More tensions are flaring between China and Japan, following an attack on a Chinese language school in Tokyo. Police and media say the incident is the latest backlash against violent anti-Japanese demonstrations in China, sparked by new Japanese schoolbooks.
Shots were fired Monday at a Chinese language school in Tokyo, leaving bullet holes in a door but causing no injuries. The violence is believed to be retaliation for several anti-Japanese protests across China this month.
The increasing tension is due partly to rising Chinese anger over Japan's conduct before and during World War Two, the anger fueled by the publication of new Japanese school textbooks that critics say fail to acknowledge atrocities committed by Japan against the Chinese.
Monday in Beijing, Japan's Foreign Minister Nobutaka Machimura said he would do his best to resolve the tensions. Sunday, he said he would seek an apology for damage to Japanese property that occurred during the riots in China.
But his Chinese counterpart, Wu Dawei, declined, saying Japan is the nation which should apologize.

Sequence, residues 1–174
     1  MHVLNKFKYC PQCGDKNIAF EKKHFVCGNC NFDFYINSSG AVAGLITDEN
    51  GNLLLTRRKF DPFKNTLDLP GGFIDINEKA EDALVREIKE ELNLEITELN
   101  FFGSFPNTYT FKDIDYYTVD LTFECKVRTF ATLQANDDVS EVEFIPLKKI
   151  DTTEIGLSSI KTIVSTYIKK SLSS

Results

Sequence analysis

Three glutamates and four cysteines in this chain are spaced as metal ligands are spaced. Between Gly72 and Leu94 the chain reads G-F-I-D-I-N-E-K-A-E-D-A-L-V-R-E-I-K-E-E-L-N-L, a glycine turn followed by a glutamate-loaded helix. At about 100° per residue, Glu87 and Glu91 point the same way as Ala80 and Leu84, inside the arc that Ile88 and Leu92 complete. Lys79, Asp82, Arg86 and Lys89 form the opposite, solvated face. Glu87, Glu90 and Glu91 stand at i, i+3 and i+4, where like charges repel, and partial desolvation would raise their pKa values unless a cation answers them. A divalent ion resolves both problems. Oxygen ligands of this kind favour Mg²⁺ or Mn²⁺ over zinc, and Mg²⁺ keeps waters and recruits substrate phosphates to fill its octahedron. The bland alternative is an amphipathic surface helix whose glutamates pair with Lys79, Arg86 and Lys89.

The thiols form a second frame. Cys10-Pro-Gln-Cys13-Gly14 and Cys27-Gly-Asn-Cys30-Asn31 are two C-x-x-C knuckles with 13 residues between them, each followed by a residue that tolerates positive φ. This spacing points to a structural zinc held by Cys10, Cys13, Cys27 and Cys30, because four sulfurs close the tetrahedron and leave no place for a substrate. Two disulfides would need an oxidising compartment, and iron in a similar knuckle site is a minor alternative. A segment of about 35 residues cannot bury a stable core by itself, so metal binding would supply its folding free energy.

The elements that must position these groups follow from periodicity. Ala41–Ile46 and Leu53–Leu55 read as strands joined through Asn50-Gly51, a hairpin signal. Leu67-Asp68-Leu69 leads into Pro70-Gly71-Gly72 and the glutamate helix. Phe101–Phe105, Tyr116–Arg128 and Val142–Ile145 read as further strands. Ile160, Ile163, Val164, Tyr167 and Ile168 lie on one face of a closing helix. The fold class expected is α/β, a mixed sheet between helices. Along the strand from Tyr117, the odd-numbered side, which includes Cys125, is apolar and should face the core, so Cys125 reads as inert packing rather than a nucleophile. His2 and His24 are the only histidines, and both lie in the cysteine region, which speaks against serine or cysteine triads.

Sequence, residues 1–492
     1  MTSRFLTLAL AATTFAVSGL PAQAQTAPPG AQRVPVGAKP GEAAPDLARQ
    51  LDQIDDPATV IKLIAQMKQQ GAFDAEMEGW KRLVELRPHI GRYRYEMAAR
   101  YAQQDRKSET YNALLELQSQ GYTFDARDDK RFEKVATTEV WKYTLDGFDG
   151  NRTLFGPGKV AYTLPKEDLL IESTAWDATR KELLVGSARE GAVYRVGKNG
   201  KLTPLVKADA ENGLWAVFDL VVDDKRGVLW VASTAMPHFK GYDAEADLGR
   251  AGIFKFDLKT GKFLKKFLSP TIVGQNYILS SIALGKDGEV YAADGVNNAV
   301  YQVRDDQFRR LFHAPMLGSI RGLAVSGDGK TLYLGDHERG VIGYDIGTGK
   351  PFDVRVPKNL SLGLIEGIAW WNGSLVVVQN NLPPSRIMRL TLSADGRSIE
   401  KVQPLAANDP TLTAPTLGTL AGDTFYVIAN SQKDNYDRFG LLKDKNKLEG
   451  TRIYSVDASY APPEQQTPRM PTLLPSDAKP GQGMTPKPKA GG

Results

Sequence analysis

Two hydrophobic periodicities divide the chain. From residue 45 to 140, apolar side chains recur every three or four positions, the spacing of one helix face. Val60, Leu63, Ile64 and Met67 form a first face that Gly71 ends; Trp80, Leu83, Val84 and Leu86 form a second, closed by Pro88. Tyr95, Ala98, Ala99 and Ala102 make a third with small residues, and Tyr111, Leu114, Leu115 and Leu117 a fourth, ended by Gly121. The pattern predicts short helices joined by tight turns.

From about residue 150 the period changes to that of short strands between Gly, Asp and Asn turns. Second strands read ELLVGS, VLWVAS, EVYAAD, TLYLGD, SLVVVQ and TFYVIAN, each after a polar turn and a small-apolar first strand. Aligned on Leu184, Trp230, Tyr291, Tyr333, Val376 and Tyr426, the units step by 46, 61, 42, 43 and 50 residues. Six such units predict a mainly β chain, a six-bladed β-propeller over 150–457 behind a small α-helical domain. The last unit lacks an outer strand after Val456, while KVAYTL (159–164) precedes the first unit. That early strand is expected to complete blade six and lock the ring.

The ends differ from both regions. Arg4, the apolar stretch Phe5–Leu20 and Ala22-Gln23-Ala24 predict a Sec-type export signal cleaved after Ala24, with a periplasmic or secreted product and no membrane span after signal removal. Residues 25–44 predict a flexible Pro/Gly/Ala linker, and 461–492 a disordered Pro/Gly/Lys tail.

Adding to the tensions is Tokyo's effort to gain a permanent seat on the United Nations Security Council.
The U.S. Ambassador to Japan, Thomas Schieffer, said Monday that Tokyo deserves a seat on the Council, and expressed optimism that China and Japan will resolve their conflict. "The stability of Asia is important and the peace of Asia is important to the United States and we hope at the end of the day that China and Japan will be able to work together for a more peaceful, stable Asia."
Meanwhile, Tokyo's benchmark stock index, the Nikkei, plunged more than three percent Monday morning, dropping 432 points to 10,938 amid investor concerns about the anti-Japanese protests. That is its lowest close since December 16th.